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aq-

The

LIFE

of

the

iI&.I,

crowds

of

Words

; feeing thefe

two

were reputed the ftrongeft on

each fide;

So

I

borrowed

Amelia, his

FreJh

Suit,

&c. and becaufe I could

not

keep

it

1

tranfcribed

the

frength of

it the broad Margin

of

Dr.

Burger

his

Rejoynder,

over againft each

Paragraph which

he

replied to

:

And I

fpent a confiderable time in the

1tridelt

.

Examination

of

both which I

could

perform.

And' the refult.ofall my

Studies was as

followeth

:

Kneeling I thought lawful,

and

all

meet Circumftances determined by the Magiftrate, which

God in Nature

or Scripturehath determined ofonlyin the General.The

Surplice I more doubted of;

but

more inclined

to think

it lawful

:

And though Ipurpofed, while

I

doubted,

to forbearit

till neceffity lay upon me,

yet

could

I not

have jullified

the forfaking

of

my

Minilry

for it

;

(

though

I

never wore

it

to

this day).

The

Ring

in

Mar-

riage I

made

no

Scrupleabout.

The

Crofs

in

Baptifm

I

thought Dr.

Amer

proved

unlawful; and

though I wasnot without

fonte

doubting in the Point, yet

becaufe

I

molt inclined to

judge

it

unlawful,

never once

ufed it

to

this day.

A Form

of

Prayer

and Liturgy

I

judged to be lawful,

and in tome

Cafes

lawfully impofed

:

Our

Liturgy in particular,

I

judged

to

have

much

diforder

and

defeEtiveneß

in

it,

but nothing

which

thould make

the

ufe

of

it, in the ordinary

Publick

Worfhip, to

be unlawful to them that have

not

Liberty to do better. Difcipline

I

wanted in

the Church,

and faw the

fad Effects

of

its negle&

:

But

I

did not

then underhand

that the

very

Frame

of. Diocefan

Prelacy excluded it, but thought it had

been

on-

ty

the

Bilkops

perfonai

negleóls.

Subfcription

I

began to judge unlawful, and faw

that

I

finned by

temerity

in what

I

did:

For though I

could

Bill ufe

the Common

Prayer, and

was

not yet

againft Diocefans

, yet to

Subfcribe

,

Ex Animo,

That

there

it

nothing

h

the three

Books

contrary

to the

Word

of

God,

was

that, which

if

it had

been to do again,

I durft

not

do.

So

that

Subfcription,

and the

Croft

in Baptifm,-and

the

promif

uons

giving of

the

Lord's

Supper

to

all Drunkards, Swearers, Fornicators, Seer

-

ners

at

Gedlineß,

&c. that are not Excommunicate

by

a

Bithop

of

Chancellor

that

is

out of their

Acquaintance.

Theft

three were

all

that

I

now

became a

Noncom

formift

to.

But

moil

of

this

I

kept to

my

felt

I

daily difputed againft the Nonconformirts ;

for

I

found their Cenforioufnefs and Inclinations towards Seperation,(in the weak-

er fort of

them) to

be

a

Threatning

Evil, and

contrary to Chri(tian

Charity

on

one

fide, as

Perfecution

is

on

the

other.

Some

of

them

that pretended

to much

Learning, engaged me in

Writing

to difpute the

Cafe

of

Kneeling at the Sacra-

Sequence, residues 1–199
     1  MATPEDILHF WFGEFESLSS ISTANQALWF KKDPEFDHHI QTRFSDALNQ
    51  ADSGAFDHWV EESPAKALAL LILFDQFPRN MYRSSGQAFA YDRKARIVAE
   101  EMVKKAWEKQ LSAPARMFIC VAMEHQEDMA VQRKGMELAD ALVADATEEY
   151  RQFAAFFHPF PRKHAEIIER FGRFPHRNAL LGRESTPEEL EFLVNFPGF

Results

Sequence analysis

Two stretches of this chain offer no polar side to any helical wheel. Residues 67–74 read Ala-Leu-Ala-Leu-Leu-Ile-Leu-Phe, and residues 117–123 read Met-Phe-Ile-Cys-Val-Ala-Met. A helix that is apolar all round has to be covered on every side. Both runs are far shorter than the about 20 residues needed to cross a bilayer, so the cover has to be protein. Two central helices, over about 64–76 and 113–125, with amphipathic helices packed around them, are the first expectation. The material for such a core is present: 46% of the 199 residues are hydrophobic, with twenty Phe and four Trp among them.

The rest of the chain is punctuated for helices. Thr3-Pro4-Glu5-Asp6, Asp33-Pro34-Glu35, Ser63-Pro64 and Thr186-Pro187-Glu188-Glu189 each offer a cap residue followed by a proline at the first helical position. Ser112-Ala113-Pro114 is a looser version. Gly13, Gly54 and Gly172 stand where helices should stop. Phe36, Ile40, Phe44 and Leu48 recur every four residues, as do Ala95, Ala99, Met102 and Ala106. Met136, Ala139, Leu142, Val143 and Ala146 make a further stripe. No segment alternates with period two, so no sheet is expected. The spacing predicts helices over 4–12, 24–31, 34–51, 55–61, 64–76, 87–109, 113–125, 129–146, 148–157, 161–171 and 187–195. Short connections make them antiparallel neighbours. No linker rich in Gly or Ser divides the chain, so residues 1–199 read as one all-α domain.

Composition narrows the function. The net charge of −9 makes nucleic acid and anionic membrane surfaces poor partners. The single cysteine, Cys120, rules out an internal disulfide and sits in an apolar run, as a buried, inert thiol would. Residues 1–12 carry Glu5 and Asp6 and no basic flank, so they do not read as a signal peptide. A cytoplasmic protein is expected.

ments

;

which

I

followed till

they

gave it over.

I

laboured continually

to

reprefs

their

Cenf

rioufnefs, and

the

boldnefs and bitrernets

of

their Language againft the

Bilhçtps, and to reduce themeto greater_

Patience and Charity. But

I

found

that

their' Sufferings from

the

Bifhops

were the great

Impediment of

my

Succefs,

and

that

he

that

will blow

the

Coals mull

not wonder if

fome Sparks

do

fly

in

his

face;

and

that to

perfecute

Men,

and then call

them to Charity,

is

like

whipping Children to

make them

give

over Crying.

The

fronger

fort

of Chri-

flians can bear

Molds

and Imprifonments

and Reproaches for

obeying God and

Confèience,without abating their Charity

or

their. Weaknefs

to their Pertecutors;but

to expe& this from

all

the weak and injudicious,the young and

paffionate,is againft

all Reafori and

Experience

:

I

faw

that

he

that

will

be

loved,

mutt

love

;

and

he-

that rather

choofeth to

be

morefeared than

loved,

mull

expel

to

be

hated, or

lo-

ved but diminutively

:

And

he

that will

have

Children,

mull

be a Father:

and he

that will

be

a

Tyrant

muff be

contented with

Slaves.'

§

zo.

In

this

Town of

Dudley

I

lived

(

not

a

Twelve-

month)

in

much com-

fort,

among1

a

poor traetable People,

lately famous

for

Drunkennefs,

but com-

monly more ready

tohear

God's-

Word with fubutillion

and

reformation,

than moll

Places where

I

have

come:

fo

that

having

lime

the Wars

fet

up

a

Monthly, Le-

duc

there, the Church

was ufually

as

much crowded within,

and

at the Windows,

as

ever I faw any

London

Cdngregations:

(Partly

through the

great

willingnefs

of

the People,

and partly

by

the exceeding

populoírfnefs

of

the

Country, where the

Woods and

Commons are planted with

Nailers,

Scithe Smiths ,.

and other

Iron

-

Labourers,

like

a

continued Village).

And

here

in

my weaknefs

I

was obliged

to

thankfulnefs to

God, for

a

conveni-

ent

Habitation,

and

the tender

care

of Mr.

R.

Foley's

Wife,

a

Genlewoman

of

ftch

extraordinary

Meeknefs and

Patience, with

lincere

Piety

,

at

will

not

eafily

be believed by thofe

that knew her not

!

who

died about

two

years after.

§

zr.

When

I

had been but three quarters

of

a

year

at

Dudley,

I

was by

God's

very

gracious Providence

invited to

Bridgnorth,

the

fecond

Town of

Sbropfhire,

to

preach there

as

Affiliant to

theworthy Pallor of

that

place.

As

Loon as

I

heard

the